Baiting 'big money' investor for fibre project vital precedent for NZ's future
Trade Minister Tim Groser is upbeat at the interest shown by a major Chinese investor in visionary New Zealand plans for a new fibre-optic cable to the United States.
Groser introduced Pacific Fibre to the Chinese investor during a New Zealand ICT mission to China last week. Groser and Pacific Fibre are keeping mum over the Chinese investor's identity - but it is "serious money".
"It will be an inspirationally clever thing if we can ever do it ... but they need a core investor."
The Pacific Fibre consortium has some high-powered members such as Sam Morgan and Sir Stephen Tindall.
Their plan to build a new fibre-optic submarine cable linking Auckland, Sydney and Los Angeles is visionary.
It seems predicated on the belief that the United States will continue to be a major growing market for New Zealand exporters from the weightless economy.
But while many of New Zealand's ICT companies nudge on "best of breed" status, particularly within Australasia, too many are under-capitalised and lack the ability to scale-up quickly to meet demand from larger and more thrusting offshore markets.
Groser clearly relished the opportunity to lead the "impressive" New Zealand companies during their visit to Shanghai and Zhejiang.
Among the companies were Rakon, Tomizone, Pingar, OpenCloud and Datacom, as well as Pacific Fibre. The NZ ICT group - which has a broad membership from the ICT sector - was also on board.
But while the Pacific Fibre-proposed deal exemplified the push to leverage New Zealand's growing "weightless economy", there were other more thorny issues to attend to.
Groser was the first New Zealand Cabinet minister to have face-time in Beijing since its Wellington-based political consul Cheng Lei sent an unmistakable message that China expects New Zealand to open its doors to more Chinese investment.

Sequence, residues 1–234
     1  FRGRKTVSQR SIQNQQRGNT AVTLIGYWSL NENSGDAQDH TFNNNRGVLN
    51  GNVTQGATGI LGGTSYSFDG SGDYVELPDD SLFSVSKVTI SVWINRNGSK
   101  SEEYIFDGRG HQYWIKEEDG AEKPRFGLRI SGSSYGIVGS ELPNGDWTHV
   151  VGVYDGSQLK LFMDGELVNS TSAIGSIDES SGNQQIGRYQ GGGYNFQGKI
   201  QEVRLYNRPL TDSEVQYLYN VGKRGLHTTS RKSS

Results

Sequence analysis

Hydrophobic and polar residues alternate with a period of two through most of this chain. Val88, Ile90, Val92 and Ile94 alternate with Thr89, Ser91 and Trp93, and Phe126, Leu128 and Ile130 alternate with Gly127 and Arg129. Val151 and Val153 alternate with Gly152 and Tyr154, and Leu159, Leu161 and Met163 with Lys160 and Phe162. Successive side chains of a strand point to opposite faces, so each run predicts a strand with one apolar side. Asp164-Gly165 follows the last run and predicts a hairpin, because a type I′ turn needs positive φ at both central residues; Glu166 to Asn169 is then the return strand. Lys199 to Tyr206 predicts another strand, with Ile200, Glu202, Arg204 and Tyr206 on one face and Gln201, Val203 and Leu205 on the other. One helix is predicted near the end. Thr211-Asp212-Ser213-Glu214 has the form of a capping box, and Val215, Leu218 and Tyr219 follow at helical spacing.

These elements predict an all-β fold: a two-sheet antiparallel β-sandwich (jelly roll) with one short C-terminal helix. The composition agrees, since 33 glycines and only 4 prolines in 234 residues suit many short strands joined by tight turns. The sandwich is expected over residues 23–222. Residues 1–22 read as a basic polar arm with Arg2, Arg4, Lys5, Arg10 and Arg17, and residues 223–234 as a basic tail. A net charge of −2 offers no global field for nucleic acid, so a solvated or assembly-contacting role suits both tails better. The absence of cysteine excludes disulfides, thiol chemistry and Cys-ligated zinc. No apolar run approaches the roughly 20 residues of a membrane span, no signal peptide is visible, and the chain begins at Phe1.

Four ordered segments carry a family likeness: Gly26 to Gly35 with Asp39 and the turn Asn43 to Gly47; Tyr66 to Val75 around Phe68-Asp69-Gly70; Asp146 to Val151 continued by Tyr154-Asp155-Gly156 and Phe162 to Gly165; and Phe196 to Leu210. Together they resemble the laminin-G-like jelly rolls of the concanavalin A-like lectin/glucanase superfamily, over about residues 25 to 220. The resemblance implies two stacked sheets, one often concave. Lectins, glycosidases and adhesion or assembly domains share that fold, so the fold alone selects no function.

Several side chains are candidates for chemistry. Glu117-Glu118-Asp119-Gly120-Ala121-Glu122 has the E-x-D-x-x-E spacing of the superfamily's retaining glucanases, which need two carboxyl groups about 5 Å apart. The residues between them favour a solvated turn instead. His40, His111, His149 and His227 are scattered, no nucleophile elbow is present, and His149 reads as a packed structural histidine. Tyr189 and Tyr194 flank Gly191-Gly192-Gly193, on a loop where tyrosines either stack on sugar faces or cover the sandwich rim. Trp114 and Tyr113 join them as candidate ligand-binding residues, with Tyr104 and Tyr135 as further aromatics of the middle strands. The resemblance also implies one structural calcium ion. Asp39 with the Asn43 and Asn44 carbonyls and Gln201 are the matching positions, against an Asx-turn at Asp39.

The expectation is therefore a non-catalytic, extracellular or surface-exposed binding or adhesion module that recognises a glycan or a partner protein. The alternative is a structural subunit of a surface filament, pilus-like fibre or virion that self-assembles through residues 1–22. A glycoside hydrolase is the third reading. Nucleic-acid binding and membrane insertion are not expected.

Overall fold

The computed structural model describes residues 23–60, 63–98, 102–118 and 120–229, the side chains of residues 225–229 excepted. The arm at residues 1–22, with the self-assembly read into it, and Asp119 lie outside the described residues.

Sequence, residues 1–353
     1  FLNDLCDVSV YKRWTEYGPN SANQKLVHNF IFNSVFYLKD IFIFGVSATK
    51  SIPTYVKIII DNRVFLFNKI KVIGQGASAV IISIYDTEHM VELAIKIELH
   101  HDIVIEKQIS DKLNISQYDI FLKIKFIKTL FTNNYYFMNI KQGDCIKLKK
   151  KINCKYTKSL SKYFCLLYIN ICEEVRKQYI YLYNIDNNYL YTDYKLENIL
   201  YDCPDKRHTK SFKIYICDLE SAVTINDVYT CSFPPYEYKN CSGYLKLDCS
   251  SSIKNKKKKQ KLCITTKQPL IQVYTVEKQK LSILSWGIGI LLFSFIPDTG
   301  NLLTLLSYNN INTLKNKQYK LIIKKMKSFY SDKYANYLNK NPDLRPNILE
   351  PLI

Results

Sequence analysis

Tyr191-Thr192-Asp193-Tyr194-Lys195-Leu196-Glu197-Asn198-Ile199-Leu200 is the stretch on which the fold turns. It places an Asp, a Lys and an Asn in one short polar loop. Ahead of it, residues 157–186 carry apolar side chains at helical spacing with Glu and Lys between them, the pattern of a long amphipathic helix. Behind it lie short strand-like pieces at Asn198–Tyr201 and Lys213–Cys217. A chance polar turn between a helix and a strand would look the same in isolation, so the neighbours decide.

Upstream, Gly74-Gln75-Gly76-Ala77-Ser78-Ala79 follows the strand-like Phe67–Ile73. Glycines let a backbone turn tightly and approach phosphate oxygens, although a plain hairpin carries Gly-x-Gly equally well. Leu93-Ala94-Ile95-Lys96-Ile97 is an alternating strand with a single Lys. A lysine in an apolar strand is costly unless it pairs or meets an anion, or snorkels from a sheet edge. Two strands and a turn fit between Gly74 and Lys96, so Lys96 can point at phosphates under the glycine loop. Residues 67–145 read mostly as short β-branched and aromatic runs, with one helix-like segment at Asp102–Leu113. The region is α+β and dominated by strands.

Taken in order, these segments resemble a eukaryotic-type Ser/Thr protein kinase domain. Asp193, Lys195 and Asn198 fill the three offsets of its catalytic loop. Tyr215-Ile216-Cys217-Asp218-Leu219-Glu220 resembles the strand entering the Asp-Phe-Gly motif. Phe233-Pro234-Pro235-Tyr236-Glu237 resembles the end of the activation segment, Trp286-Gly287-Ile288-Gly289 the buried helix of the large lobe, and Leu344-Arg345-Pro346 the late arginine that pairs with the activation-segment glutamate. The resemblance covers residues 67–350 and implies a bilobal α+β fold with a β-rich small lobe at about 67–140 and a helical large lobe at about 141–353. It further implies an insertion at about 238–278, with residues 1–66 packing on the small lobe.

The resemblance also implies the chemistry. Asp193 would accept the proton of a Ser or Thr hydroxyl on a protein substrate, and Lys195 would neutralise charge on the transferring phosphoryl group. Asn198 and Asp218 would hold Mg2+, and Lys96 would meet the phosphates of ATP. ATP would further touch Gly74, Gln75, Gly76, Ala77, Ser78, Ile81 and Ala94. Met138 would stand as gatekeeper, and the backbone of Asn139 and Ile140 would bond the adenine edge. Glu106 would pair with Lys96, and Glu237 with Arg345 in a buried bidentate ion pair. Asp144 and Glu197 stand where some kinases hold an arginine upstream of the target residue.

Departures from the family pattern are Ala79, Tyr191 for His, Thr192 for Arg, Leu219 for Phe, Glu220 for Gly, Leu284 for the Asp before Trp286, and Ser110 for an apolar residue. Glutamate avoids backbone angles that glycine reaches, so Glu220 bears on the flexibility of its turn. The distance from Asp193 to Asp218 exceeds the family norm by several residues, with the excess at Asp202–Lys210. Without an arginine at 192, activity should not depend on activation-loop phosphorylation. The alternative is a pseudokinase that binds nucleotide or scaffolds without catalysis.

Cheng Lei had related that Beijing wanted the New Zealand side to have an "objective approach when considering investments from China".
At issue was China's wish to have its investment applications - particularly for strategic assets like mines and dairy farms - treated on an equal footing with other overseas investors.
Cheng's deliberate choice of words such as "reciprocity" and "honour" and his linking of them to the bilateral free trade deal that China and New Zealand inked in 2008 had obvious connotations.
But Groser front-footed the thorny issue of Chinese investment in New Zealand's key strategic assets in a Beijing meeting with Chinese Commerce Minister Chen Deming.
As a skilful trade negotiator turned politician it shouldn't surprise that he opted to table the controversial issue first rather than wait for it to emerge during his talks with Chen. He maintains it was not a difficult conversation and there was "no tension". The Chinese side understood that the issue was one of "political management".
Groser says he had listened carefully to what Cheng had to say. It was "very fair" and "reasonable" and he related that view to Chen.